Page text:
my birthday launch....
:cry:
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MissB Donating Member (1000+ posts) Send PM | Profile | Ignore Wed Jul-13-05 12:44 PM
Response to Original message
6. Happy Birthday!
:party:
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SaveElmer Donating Member (1000+ posts) Send PM | Profile | Ignore Wed Jul-13-05 12:42 PM
Response to Original message
4. Sounds like its gonna be a while too!!
I predict there will be several of these...could be a few weeks before they try again!
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XNASA Donating Member (1000+ posts) Send PM | Profile | Ignore Wed Jul-13-05 12:43 PM
Response to Original message
5. Detanking too.
Yep. It'll be awhile.
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Seabiscuit Donating Member (1000+ posts) Send PM | Profile | Ignore Wed Jul-13-05 12:52 PM
Response to Original message
8. Good! The cable news programs were covering almost nothing but
the upcoming shuttle launch yesterday, at Rove's bidding, to shield Rove/Bush from the fallout of the recent revelations about Rove being Cooper's source for Plame's identity. I had expected about a week of nothing but shuttle shit from those media whore asswipes.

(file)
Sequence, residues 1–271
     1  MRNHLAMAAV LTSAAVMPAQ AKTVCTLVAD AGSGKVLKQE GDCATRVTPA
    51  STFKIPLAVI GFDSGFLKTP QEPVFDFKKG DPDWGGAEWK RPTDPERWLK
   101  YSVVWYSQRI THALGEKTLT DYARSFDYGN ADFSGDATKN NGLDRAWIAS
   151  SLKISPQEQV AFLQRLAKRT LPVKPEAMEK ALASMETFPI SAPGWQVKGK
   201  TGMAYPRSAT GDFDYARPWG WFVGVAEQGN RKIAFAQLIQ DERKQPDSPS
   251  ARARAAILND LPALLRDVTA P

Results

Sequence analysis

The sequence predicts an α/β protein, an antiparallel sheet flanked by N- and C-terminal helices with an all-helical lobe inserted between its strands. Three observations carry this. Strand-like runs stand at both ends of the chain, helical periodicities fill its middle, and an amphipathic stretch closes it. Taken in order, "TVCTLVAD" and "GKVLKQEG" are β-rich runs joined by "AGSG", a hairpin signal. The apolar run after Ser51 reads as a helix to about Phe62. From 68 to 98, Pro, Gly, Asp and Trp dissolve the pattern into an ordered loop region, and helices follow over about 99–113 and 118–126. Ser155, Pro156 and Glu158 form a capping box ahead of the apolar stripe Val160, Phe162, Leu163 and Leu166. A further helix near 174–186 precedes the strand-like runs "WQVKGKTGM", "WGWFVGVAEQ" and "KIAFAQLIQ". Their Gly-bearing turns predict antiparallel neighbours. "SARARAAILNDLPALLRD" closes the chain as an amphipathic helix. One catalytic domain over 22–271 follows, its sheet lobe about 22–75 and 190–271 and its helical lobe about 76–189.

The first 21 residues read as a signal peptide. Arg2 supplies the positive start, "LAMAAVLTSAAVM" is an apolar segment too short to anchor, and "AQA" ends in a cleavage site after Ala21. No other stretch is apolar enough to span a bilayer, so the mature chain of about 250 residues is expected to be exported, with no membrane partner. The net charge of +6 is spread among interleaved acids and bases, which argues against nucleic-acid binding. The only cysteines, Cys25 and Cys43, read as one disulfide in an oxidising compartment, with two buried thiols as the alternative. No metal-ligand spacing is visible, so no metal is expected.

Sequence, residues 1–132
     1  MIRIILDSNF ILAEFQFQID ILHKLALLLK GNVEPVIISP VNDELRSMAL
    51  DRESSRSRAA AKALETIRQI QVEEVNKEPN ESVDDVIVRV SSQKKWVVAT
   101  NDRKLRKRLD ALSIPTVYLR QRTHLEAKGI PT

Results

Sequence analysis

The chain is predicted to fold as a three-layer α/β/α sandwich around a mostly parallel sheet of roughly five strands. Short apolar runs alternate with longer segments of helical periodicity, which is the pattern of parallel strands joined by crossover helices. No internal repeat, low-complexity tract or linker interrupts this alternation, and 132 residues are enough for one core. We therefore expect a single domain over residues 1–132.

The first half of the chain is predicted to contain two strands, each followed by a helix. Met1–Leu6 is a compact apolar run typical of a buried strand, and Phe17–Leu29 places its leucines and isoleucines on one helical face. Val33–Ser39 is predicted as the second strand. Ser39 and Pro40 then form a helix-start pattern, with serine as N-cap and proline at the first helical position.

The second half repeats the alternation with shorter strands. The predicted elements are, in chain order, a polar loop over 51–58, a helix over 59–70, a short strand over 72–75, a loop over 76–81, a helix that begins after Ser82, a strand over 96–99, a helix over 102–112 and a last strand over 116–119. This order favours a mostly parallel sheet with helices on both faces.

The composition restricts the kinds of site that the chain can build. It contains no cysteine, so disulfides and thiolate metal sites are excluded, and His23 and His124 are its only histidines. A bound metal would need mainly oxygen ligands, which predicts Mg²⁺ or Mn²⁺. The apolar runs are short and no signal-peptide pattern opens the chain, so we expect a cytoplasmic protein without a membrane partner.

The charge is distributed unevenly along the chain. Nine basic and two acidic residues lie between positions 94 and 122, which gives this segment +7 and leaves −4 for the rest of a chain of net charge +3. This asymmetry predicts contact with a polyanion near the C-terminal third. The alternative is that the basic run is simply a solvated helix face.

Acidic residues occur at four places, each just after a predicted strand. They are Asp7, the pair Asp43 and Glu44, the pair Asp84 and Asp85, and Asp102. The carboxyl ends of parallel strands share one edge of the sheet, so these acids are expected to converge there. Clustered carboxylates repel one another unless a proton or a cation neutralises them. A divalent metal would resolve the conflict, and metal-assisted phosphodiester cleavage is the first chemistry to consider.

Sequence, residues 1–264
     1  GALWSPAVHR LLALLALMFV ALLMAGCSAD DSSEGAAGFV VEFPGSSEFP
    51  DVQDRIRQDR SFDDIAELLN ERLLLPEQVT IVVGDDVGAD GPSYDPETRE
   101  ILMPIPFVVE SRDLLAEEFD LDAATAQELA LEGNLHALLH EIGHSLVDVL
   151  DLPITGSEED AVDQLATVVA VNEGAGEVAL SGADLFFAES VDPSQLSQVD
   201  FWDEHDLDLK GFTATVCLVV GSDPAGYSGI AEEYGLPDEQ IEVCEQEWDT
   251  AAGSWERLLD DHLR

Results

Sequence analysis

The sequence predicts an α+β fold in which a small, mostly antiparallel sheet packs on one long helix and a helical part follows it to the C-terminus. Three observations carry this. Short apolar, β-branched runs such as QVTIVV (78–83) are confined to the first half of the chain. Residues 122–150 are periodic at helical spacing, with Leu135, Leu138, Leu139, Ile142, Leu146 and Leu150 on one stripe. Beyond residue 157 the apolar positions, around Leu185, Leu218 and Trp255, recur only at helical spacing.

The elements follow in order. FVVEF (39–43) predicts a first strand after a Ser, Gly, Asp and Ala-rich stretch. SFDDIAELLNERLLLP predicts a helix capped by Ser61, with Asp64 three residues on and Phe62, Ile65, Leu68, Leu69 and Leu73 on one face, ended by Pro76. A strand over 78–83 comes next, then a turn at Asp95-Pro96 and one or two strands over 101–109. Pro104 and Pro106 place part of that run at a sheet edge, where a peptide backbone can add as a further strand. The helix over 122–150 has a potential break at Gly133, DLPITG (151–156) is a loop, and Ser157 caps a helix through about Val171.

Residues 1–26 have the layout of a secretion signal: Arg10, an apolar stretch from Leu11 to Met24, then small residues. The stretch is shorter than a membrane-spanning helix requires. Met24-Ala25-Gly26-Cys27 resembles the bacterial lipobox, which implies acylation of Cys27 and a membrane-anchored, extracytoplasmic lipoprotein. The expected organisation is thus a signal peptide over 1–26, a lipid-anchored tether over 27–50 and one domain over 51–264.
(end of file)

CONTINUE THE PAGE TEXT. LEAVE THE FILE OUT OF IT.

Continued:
So what will they come up with next to avoid dealing with the Rove bome???

Oh, yeah, there may be another hurricane heading towards the Gulf oil rigs... bleaccccccchhhhhh!!!!
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Dem2theMax Donating Member (1000+ posts) Send PM | Profile | Ignore Wed Jul-13-05 02:43 PM
Response to Reply #8
20. With all due respect,
"shuttle shit?"

I think the program, oh, and the lives of the astronauts, amount to a hell of a lot more than "shuttle shit."
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sled Donating Member (430 posts) Send PM | Profile | Ignore Wed Jul-13-05 04:08 PM
Response to Reply #20
33. Hear!!! Hear!!!
What a waste...& now they spend days reporting things that didn't happen. Non-news, becomes the "news". And Orwell rolls...
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Seabiscuit Donating Member (1000+ posts) Send PM | Profile | Ignore Wed Jul-13-05 10:19 PM
Response to Reply #20
39. When the media whores repeat the stories all day long to avoid the
Rove story and the DSM story, they're turning an otherwise significant event into "shuttle shit".
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Dem2theMax Donating Member (1000+ posts) Send PM | Profile | Ignore Thu Jul-14-05 01:26 AM
Response to Reply #39